To which Stewart iron­i­cally and con­de­scend­ingly ‘agrees’ with her by para­phrasing her state­ment: “De­scribing the ac­tual facts of the case re­ally does color the way we look at it.” (You have to be there . . .)

This re­dun­dancy per­fectly cap­tures the sit­u­a­tion that so many pro­gres­sives face when dealing with the bizarre take on facts and events by our rightwinged neigh­bors. In fact, I used it as the in­tro­duc­tion to my posting of this video on my Face­book page.

The second comes when a couple of Fox News an­chors ask (what I as­sume they in­tend to be rhetor­ical), “Why aren’t we cov­ering black-on-black crime?” (2:50) This al­lows Stewart to make the hi­lar­ious ob­ser­va­tion that “When it snows where you live [it] doesn’t mean the world isn’t get­ting hotter.”

(And yes, that second sen­tence is gram­mat­i­cally awk­ward when transcribed—just sub­sti­tute “Be­cause” for “When” and we have a better sen­tence and no need for my ed­i­to­ri­ally in­serted “[it].”)


Sherlock Fernandez 600 crop2

Always good to meet someone new

Yes­terday, I in­tro­duced my­self to a young man with whom I share a work­space. He en­thu­si­as­ti­cally shook my hand and said, “It’s al­ways good to meet someone new!” And I re­marked that it told me a lot about him that he be­lieved that to be so and we ended up in a brief con­ver­sa­tion about what I call pos­i­tive pro­jec­tion: seeing pos­i­tive facets of one­self in others. That is, it is the op­po­site of psy­cho­log­ical pro­jec­tion, which is the pro­jec­tion of one’s neg­a­tive qual­i­ties onto others.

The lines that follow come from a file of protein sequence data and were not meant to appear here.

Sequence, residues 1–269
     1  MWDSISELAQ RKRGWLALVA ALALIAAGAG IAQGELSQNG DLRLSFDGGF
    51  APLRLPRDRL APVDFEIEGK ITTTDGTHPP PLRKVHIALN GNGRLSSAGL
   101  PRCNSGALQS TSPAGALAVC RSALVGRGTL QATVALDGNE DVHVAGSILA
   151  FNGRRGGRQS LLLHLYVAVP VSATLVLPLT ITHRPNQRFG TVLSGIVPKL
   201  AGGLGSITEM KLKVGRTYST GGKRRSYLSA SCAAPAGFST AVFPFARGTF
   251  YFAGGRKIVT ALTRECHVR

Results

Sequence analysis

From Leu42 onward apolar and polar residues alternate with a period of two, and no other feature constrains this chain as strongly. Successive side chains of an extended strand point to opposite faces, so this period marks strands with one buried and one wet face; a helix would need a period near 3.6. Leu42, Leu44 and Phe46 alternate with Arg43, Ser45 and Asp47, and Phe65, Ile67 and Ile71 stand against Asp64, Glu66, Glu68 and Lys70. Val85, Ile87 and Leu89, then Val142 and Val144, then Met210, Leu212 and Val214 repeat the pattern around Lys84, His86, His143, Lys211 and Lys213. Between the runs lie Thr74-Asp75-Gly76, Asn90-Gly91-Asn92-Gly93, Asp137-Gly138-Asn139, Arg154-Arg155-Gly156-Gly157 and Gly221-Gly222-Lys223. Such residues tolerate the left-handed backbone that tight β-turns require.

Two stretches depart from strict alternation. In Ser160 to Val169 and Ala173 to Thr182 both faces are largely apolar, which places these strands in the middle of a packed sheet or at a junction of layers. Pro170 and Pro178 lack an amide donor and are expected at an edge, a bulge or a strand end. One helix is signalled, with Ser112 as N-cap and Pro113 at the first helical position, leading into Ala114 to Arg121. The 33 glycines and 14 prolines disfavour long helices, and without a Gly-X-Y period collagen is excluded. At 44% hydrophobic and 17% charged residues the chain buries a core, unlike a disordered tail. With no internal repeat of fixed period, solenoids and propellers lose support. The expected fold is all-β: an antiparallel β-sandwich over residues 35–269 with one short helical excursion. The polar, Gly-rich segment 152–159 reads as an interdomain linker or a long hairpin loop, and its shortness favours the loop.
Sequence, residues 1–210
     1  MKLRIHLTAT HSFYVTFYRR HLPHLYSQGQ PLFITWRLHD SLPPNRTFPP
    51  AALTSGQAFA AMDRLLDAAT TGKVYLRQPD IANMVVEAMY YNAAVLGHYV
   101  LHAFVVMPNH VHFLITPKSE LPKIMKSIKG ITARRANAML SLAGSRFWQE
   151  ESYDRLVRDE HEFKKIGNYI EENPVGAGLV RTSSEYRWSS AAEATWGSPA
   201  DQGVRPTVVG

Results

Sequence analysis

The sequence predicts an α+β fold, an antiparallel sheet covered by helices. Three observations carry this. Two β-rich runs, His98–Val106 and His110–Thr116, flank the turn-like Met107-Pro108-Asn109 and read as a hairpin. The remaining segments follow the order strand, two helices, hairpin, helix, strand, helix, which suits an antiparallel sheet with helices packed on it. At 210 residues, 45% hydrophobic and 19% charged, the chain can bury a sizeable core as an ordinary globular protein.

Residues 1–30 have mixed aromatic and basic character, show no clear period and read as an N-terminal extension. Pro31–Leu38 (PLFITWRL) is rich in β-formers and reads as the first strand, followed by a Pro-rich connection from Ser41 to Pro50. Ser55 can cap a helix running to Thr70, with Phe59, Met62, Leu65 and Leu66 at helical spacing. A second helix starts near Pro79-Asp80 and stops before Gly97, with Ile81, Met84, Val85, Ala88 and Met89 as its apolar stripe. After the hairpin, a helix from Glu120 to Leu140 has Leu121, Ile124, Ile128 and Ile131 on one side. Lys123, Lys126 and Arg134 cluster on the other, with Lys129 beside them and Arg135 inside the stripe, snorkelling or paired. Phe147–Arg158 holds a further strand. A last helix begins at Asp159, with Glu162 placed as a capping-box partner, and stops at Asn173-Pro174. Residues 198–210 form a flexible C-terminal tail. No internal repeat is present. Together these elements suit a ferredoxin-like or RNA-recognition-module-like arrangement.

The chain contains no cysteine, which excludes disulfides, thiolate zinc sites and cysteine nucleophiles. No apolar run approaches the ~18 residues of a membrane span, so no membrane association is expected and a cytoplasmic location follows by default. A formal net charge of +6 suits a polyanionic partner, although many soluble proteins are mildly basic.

While re­searchers from Freund through today’s psy­chi­a­trists and psy­chol­o­gists have spent en­tire ca­reers on neg­a­tive pro­jec­tion, few seem in­ter­ested in pos­i­tive pro­jec­tion. But I have al­ways no­ticed that when rea­son­ably happy people meet a new person, they simply and au­to­mat­i­cally as­sume and act as though the new person is also rea­son­ably happy.

Like­wise, mis­er­able people tend to be­lieve that everyone else is mis­er­able but does a hel­luva job masking it.

Like­wise, scared people tend to think that everyone else is as scared of life as they are.

Like­wise, ra­ti­o­ci­nating people as­sume that everyone else is ca­pable of ra­ti­o­ci­nating but simply choose not to.

What if that simply is not true?

What if, let’s just say, half the human race cannot—not will not!—but ac­tu­ally cannot con­sciously, de­lib­er­ately infer be­cause they com­pletely lack “the ca­pacity for con­sciously making sense of things, for ap­plying logic, for es­tab­lishing and ver­i­fying facts, and for changing or jus­ti­fying prac­tices, in­sti­tu­tions, and be­liefs based on new or ex­isting in­for­ma­tion”? (Wikipedia)

Think about it: if such were the case, then it would ex­plain so much that seems oth­er­wise inexplicable . . .


Sherlock Fernandez full 1000

FEATURED IMAGE: The drawing at the top of this page is Sher­lock Holmes, one of the most fa­mous of all ra­ti­o­ci­na­tors. Art by Elia Fer­nández.